What wonder that his wild nature, untamed by years of subjection, should still revolt? What wonder that a fiery rage still burned within his breast and that he should seek every opportunity of obtaining vengeance upon his natural enemies. Other writers have used the same evidence to lead to precisely opposite allegorical interpretations.

Apart from intentional symbolism, scholars have speculated on the sources of Baum's ideas and imagery. The "man behind the curtain" could be a reference to automated store window displays of the sort famous at Christmas season in big city department stores; many people watching the fancy clockwork motions of animals and mannequins thought there must be an operator behind the curtain pulling the levers to make them move Baum was the editor of the trade magazine read by window dressers.

Additional allegories have been developed, without claims that they were originally intended by Baum. The text has been treated as a theosophical allegory. Geoffrey Seeley recast the story as an exercise in treachery, suggesting the supposed "Good Witch Glinda " used an innocent, ignorant patsy Dorothy to overthrow both her own sister witch Witch of the West and the Wizard of Oz, leaving herself as undisputed master of all four corners of Oz: She even showed her truest "Machiavellian brilliance" by allowing the story to be entitled after the weakest of her three opponents.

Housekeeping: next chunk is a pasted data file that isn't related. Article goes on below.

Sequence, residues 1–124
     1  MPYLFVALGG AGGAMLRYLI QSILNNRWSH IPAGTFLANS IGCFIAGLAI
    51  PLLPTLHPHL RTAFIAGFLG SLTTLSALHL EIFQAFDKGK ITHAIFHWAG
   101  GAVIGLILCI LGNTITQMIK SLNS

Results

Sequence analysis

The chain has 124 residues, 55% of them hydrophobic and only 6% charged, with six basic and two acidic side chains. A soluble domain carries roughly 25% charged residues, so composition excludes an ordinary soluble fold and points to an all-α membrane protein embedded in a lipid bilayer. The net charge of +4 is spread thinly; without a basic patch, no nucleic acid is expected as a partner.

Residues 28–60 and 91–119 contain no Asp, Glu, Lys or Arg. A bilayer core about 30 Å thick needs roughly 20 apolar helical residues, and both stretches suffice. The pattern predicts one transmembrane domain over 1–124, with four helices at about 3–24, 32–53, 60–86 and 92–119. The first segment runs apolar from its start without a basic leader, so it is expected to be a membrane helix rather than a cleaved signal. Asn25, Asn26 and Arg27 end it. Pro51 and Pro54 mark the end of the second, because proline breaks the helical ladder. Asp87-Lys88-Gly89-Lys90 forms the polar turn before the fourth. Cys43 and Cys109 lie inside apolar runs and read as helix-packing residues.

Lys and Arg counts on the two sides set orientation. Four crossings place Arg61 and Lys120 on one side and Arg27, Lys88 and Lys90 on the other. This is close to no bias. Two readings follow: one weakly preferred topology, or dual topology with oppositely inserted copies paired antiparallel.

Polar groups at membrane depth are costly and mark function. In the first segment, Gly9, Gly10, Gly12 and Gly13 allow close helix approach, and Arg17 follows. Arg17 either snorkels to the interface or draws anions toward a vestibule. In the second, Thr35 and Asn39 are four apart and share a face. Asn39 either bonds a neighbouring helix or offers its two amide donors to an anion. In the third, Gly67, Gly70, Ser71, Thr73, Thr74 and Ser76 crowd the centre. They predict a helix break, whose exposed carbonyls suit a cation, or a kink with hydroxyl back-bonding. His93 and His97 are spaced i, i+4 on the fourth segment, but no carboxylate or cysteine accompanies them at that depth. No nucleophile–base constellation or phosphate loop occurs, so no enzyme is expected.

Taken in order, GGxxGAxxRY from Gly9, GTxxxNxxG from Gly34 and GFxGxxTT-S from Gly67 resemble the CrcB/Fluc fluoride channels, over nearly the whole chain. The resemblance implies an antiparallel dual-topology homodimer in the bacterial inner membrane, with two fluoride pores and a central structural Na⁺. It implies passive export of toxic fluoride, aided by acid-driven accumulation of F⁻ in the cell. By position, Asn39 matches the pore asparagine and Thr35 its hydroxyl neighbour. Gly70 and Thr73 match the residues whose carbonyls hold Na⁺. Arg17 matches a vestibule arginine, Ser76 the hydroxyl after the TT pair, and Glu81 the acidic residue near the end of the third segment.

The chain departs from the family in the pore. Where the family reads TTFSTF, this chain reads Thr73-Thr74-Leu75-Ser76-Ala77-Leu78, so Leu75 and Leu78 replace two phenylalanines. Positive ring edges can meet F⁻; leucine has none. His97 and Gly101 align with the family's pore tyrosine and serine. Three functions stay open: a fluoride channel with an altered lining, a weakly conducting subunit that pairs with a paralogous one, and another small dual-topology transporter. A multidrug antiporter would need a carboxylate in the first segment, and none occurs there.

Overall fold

Glinda could have told Dorothy that the "silver slippers would easily do the job [of returning Dorothy to her beloved home] but decided that a destabilizing force such as Dorothy might be just the thing to shake up her other rival [The Wizard of Oz]. From Greek Myth to Computer Chips , purports that "The Wizard symbolizes bankers who support the gold standard and oppose adding silver to it Only Dorothy's silver slippers can take her home to Kansas," meaning that by Dorothy not realizing that she had the silver slippers the whole time, Dorothy, or "the westerners", never realized they already had a viable currency of the people.

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Keywords: wizard of oz feminism, wizard of oz feminist allegory When I was five years old, my family gathered around the T.V. on a snowy Sunday night and watched a special presentation of .

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The Wizard of Oz essaysWhen I think Hero's journey, the first thing that comes to my mind is " The Wizard of Oz." This to me is a hero's journey. Dorothy plays a hero as well as Oz and the Scarecrow, the lion, the tin man and the witch of the east.

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The Wonderful Wizard of Oz study guide contains a biography of L. Frank Baum, literature essays, a complete e-text, quiz questions, major themes, characters, and a full summary and analysis. The Wizard of Oz- Parable on Populism Essay. The Wizard of Oz: Parable on Populism When Lyman Frank Baum first publicized The Wonderful Wizard of Oz in , it had been very popular from the start. The Wizard of Oz is filled with musical comedy and is a warm and touching production.

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Before the creation of The Wizard of Oz (), earlier series and films and were constructed; The Wizard of Oz (), The Wonderful Wizard of Oz (), Scarecrow in Oz (), and The Land of Oz (), The Patchwork Girl of Oz (), The Magic Cloak of Oz (), His Majesty, the Scarecrow of Oz (/15), The Wizard of Oz (), The Wizard of Oz (). The Wizard of Oz The nostalgic visions one can witness in postmodern films found music as a tool to express emotions and develop the story in the language of music. The Wizard of Oz of is a true example of that phenomenon because the film falls into the musical genre which used many wonderful songs and classical dancing to develop the story.